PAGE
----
Before you try using systematic desensitization, first master deglamorization and counteranticipation. You will need those tools to make this one work.

Never "test" your sensitivity or abilities on actual pornographic images. Desensitization is only a small part in your recovery. It will not make you immune to temptation. Also, don't use this exercise as an excuse to look at women's unclothed bodies or to leer at women. If you need to look at a woman, focus on her face or head. This is not only the polite way to look at someone, it also allows you to deglamorize features of her body if they are triggering.

But Wait! Isn't Desensitization a Bad Thing?

According to Victor Cline, a therapist who has treated hundreds of men for sexual addictions, initial addiction to pornography is typically "followed by an increasing desensitization to the materials' pathology, escalation to increasingly varied, aberrant, and 'rougher' kinds of erotic materials, and eventually to acting out the sexual fantasies they were exposed to." (Treatment and Healing of Pornographic and Sexual Addictions, 1999). Given this tendency, you might be concerned that systematic desensitization would cause escalation to "rougher" pornography.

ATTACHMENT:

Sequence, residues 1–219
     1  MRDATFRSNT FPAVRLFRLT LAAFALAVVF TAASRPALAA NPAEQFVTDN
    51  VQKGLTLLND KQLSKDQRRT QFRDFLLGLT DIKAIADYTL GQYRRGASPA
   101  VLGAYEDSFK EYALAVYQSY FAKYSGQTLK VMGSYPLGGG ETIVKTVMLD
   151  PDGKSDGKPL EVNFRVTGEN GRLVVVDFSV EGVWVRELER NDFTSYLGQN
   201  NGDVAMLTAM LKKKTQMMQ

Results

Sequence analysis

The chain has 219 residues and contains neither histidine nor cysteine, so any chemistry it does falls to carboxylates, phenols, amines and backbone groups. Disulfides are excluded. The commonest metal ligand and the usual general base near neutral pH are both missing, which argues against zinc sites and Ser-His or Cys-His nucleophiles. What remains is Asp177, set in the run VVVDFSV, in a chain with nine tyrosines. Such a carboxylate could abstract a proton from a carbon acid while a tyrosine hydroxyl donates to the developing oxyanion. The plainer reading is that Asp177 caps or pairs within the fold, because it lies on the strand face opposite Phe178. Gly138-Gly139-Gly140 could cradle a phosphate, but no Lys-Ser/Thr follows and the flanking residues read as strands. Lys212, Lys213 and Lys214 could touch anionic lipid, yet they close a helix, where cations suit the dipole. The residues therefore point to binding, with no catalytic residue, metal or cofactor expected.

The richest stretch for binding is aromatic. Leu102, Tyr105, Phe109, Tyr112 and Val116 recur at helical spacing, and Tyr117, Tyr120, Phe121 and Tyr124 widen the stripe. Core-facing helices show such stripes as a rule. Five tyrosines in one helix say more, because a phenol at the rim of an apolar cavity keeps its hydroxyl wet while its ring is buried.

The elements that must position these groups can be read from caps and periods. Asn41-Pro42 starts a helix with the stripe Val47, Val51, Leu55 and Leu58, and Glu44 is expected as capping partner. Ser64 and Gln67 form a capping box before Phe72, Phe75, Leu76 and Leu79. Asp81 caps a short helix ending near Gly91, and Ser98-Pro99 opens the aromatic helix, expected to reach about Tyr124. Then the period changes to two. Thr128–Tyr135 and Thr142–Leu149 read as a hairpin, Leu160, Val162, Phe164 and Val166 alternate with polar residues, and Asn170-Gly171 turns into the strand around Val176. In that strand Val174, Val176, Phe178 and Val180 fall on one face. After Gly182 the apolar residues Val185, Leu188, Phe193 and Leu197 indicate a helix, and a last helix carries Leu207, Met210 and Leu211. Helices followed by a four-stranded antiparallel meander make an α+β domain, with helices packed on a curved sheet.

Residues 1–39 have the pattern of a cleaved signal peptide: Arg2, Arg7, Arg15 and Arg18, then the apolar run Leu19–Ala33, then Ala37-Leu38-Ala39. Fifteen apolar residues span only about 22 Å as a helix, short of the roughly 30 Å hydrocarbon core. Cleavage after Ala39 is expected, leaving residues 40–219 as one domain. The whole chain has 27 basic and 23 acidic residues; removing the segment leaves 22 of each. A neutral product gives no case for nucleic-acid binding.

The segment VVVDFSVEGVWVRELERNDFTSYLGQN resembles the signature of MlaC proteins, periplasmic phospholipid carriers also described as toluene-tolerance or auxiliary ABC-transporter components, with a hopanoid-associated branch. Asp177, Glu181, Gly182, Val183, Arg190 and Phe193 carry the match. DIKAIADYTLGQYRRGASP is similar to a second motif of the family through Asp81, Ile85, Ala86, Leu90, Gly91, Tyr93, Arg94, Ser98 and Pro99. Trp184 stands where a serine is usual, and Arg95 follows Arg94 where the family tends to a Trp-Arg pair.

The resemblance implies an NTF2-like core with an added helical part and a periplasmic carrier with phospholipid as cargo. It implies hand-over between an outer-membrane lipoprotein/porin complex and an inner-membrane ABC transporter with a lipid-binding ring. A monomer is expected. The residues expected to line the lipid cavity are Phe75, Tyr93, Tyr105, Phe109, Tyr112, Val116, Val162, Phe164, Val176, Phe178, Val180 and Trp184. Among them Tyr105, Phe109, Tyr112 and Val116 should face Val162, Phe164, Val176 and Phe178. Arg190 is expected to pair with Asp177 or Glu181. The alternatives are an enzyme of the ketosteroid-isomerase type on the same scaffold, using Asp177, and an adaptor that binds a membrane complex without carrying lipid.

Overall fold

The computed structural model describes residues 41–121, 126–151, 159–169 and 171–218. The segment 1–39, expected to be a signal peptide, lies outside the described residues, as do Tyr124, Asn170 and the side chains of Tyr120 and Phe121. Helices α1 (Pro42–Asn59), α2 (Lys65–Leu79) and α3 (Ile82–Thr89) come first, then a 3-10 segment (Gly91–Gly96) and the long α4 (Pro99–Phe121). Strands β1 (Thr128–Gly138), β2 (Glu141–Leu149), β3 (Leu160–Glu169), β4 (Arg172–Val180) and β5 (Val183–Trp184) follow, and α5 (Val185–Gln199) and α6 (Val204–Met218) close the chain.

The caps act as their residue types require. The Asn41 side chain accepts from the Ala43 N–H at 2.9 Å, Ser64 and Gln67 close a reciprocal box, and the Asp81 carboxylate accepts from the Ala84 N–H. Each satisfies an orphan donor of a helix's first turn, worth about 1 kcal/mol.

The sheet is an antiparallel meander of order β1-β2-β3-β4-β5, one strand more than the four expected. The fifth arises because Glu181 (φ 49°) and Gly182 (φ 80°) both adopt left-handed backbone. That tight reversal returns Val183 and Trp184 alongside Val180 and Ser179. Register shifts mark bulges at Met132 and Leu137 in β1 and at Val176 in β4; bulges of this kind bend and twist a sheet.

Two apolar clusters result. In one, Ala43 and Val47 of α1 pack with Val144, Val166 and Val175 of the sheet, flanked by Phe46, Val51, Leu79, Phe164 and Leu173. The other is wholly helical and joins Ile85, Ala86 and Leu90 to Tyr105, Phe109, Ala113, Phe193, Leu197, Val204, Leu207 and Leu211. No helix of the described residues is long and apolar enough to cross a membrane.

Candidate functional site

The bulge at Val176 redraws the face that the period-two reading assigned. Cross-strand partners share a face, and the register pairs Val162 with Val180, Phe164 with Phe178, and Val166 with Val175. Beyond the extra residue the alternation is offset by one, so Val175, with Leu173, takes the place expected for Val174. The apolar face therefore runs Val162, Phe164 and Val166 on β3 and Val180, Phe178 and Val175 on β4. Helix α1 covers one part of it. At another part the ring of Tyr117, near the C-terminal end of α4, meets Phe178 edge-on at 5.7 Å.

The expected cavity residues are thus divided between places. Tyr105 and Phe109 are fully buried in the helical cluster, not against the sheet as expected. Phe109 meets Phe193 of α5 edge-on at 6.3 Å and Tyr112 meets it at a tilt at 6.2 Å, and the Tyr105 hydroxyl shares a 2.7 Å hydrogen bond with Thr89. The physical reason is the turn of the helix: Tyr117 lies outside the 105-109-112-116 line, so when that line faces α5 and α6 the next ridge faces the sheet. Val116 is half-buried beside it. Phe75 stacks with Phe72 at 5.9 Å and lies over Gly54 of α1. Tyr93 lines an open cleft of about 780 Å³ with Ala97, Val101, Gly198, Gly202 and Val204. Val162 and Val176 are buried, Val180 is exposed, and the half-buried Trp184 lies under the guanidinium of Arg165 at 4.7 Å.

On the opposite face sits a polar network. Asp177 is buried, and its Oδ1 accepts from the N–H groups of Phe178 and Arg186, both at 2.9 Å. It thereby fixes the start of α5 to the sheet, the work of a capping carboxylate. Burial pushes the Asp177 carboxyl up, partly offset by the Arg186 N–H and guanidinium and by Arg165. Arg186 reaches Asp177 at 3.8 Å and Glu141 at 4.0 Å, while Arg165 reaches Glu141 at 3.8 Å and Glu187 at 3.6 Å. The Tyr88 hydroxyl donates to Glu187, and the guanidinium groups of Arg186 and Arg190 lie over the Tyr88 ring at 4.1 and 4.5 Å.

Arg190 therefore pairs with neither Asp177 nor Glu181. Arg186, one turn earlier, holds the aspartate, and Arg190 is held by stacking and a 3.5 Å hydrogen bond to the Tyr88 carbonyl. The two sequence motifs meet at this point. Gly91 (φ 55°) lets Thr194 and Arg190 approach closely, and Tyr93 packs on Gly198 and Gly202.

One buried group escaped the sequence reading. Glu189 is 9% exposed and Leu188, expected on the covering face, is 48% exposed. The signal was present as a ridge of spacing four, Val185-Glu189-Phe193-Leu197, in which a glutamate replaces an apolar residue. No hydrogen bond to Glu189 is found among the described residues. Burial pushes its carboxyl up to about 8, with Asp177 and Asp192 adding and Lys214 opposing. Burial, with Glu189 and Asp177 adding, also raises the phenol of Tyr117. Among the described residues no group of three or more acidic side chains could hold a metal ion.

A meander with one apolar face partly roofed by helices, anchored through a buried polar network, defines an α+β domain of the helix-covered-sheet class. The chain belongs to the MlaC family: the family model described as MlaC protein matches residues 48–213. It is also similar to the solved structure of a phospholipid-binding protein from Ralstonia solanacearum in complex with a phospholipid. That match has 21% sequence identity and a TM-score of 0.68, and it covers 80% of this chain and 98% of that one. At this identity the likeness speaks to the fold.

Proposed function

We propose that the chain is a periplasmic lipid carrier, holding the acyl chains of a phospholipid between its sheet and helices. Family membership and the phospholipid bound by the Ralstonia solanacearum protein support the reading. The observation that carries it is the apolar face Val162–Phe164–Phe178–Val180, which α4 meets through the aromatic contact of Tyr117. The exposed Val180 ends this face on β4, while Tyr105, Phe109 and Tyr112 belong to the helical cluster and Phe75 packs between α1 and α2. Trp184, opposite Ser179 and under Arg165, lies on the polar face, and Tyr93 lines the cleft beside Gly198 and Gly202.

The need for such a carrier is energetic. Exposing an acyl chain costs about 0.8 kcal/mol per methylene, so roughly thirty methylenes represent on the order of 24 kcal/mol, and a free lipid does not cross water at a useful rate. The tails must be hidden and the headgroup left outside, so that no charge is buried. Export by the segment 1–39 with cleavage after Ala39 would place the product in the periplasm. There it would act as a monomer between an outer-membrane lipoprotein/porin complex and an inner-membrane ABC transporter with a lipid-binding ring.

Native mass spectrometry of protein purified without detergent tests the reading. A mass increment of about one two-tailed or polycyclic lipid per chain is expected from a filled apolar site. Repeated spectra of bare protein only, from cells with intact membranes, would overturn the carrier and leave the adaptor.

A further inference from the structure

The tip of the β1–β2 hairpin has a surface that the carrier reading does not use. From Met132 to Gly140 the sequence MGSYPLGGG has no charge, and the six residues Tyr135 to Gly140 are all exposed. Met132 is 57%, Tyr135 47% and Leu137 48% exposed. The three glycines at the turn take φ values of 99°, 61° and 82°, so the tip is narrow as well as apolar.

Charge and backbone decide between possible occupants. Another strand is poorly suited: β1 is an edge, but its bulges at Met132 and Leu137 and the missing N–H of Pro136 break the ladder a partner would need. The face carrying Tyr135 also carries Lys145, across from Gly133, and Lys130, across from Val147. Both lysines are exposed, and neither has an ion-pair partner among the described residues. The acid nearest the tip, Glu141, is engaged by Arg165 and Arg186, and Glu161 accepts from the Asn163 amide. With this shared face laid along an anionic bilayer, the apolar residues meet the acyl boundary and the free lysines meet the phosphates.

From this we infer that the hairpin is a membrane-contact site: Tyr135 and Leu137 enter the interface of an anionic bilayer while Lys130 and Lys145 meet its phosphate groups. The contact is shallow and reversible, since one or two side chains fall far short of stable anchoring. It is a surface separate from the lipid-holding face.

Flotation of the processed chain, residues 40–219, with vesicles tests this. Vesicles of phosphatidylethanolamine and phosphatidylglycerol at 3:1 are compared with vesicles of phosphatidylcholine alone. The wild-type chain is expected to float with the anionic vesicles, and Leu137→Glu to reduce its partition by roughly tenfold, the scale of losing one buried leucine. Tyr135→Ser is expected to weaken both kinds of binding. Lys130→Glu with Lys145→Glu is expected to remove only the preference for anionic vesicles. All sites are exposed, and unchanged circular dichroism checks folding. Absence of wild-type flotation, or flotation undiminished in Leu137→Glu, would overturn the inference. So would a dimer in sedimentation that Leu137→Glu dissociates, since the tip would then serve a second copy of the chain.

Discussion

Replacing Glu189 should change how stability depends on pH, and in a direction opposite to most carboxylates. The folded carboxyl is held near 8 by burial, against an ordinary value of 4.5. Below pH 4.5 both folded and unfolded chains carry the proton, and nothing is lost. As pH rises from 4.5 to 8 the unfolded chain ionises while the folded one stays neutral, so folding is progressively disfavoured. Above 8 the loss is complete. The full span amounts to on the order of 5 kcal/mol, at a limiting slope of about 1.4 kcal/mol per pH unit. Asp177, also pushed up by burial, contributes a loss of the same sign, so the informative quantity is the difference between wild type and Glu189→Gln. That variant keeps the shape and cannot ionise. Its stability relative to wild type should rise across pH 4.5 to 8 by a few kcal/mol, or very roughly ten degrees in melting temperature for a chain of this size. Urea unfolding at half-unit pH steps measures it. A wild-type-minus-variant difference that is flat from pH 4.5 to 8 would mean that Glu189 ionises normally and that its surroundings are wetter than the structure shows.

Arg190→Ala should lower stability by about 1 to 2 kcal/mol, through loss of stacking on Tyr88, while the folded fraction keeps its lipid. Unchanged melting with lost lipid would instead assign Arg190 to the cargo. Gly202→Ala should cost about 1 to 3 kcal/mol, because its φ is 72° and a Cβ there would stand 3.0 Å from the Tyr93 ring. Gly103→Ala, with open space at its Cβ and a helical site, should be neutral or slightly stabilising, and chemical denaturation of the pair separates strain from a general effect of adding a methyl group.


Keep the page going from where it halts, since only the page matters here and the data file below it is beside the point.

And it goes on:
First, desensitization is a natural and normally a beneficial process. It is what allows a boy to work in a donut shop without becoming morbidly obese. After he eats a couple of dozen donuts during the first few days of work, they no longer seem quite so desirable. Desensitization to height enables construction workers, after taking appropriate precautions, to build skyscrapers without constant fear of falling. Desensitization to jet engine noise allows people living near airports to sleep without being awakened every time a plane takes off. Desensitization is what allowed people to continue looking at each other despite the garish clothing fashions of the 1970s. Salience reduction (desensitization) is like flipping the little tab on your car's rear view mirror for night driving: you can still see the headlights of the cars behind you in the mirror, but they are no longer blindingly bright. In fact, without the glare, you can see the headlights even better. It is the same with pornography: with reduced salience, you can better see your erotic fantasies for what they really are. The reduction in emotional impact allows you to analyze them in a more rational manner.